He suggested alternative routes to go back down. I chose the one that sounded the quickest and easiest. It would be less slippy underfoot, he said, but, as I soon realised, would not follow public footpaths. After walking a little way down the hill, a different direction from which we came, he asked me whether there was a gate in front of as. As we reached it, passing through a small herd of cows, a ‘Keep Out’ sign on the gate came into focus. I had gotten cold, and the rain had become more insidious. I wondered whether we might get lost, whether the route followed by my being able to recognise the landmarks he could remember might disappear. We climbed over the ‘Keep Out’ sign, and he told me he knew the woman who had inherited the land from her father.
The small quarry looked fresh, the sides pale browns and orange. But there were no signs of activity, besides tire tracks churning the mud at our feet. Behind the hedges, I felt like I had lost my bearings and the opportunity of leading us back the way we had come. He told me about a hill farmer with a Welsh name whose land we were passing beside. He gestured to where the farmhouse was, but I couldn’t see one, and I wondered whether we had gone the right way. We climbed another gate (he didn’t seem to find these difficult, using his stick to fathom the distance to the ground on the other side), and came to a track leading to farm buildings. We walked to these, to see if the hill farmer was there. It looked utterly deserted, grim and industrial, the welcome the old man had implied seeming unlikely. I led us away, brightly persuading him, concerned about the awkwardness of any possible encounter and the signs warning of CCTV. We walked back along the track, downhill. A silver car came in the opposite direction, with a dog running beside it, barking. It pulled over and flashed the headlights. He told me to walk behind him. As we grew closer, the old man and the driver recognised each other. It was the hill farmer, who switched off his engine. ‘This is Philip, he is staying with us and wanted to go for a walk’. I felt incongruous, but the farmer reached his hand out of the window to shake mine. (It was big and warm, with dirt under his fingernails like pencil lead). He smiled, though he seemed slightly shy. He commented on the wet, and how the old man’s coat was not waterproof. I felt guilty, but as they gossiped together, I felt pleased to be party to an exchange that was both foreign and very familiar.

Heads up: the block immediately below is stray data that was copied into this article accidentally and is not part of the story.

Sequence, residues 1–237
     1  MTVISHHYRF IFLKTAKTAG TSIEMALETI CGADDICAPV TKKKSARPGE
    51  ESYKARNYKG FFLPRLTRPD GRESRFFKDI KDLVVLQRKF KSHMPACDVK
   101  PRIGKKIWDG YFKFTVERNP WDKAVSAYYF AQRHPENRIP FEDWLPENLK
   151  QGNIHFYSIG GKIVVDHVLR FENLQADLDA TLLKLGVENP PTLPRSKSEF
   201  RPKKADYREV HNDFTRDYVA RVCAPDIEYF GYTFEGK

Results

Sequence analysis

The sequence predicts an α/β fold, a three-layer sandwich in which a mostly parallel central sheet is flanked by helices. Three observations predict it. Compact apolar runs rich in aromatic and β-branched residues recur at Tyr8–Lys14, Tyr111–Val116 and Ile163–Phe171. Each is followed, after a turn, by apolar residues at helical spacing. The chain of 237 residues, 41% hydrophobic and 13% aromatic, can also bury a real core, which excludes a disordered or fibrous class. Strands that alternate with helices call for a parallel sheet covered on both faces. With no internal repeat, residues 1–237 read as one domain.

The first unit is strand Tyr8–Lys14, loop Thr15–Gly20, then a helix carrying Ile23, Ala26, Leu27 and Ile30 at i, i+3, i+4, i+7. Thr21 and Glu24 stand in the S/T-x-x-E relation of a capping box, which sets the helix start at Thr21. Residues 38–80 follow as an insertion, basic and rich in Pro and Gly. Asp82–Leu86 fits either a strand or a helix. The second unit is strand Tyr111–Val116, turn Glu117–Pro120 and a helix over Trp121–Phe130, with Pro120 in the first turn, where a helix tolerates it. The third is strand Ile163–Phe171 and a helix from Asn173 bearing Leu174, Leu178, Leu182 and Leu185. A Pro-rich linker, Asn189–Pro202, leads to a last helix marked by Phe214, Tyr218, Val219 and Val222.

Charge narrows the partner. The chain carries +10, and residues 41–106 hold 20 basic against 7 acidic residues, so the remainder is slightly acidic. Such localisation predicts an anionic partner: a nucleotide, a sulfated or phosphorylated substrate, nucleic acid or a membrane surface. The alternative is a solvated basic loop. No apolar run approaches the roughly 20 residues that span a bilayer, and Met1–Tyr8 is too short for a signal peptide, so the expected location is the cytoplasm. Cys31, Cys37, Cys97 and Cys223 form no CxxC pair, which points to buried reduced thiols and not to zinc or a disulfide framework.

We walked on (the farmer had left his car in gear, so it lurched when he started the engine) and my sense of direction began to return to me. I recognised that we were approaching the road just outside the village, a bit further along from where we had started. He told me the farmer now lived in Oswestry, with his Mother. We passed old stone buildings that were once associated with the quarry. Some had been renovated. One was now a bunkhouse for walkers. I saw the white duvets of unmade beds through a window, but nobody appeared to be in.
We reached the road, and kept to the left, out of the way of the periodic cars. He complained how they drove too fast. One of the houses we passed was an older stone building, painted cream. I admired it, but he told me it had problems with damp, and was once occupied by a ‘Bible basher’. We went back through the gate to the drive, and took our shoes off outside his house.
Mae gen I hiraeth ar gyfer y lle hwn, lle nad fi wedi byw, trwy etifeddiaeth, a trwy teimlo o bosibilrwydd. (I have a homesickness for this place, here where I have never lived, through inheritance and through a sense of possibility).
 The walk this piece of writing describes took place in the north-west corner of Shropshire, where some of my family come from. The area used to be widely Welsh-speaking, despite being east of the border. The legacy of the language continues there.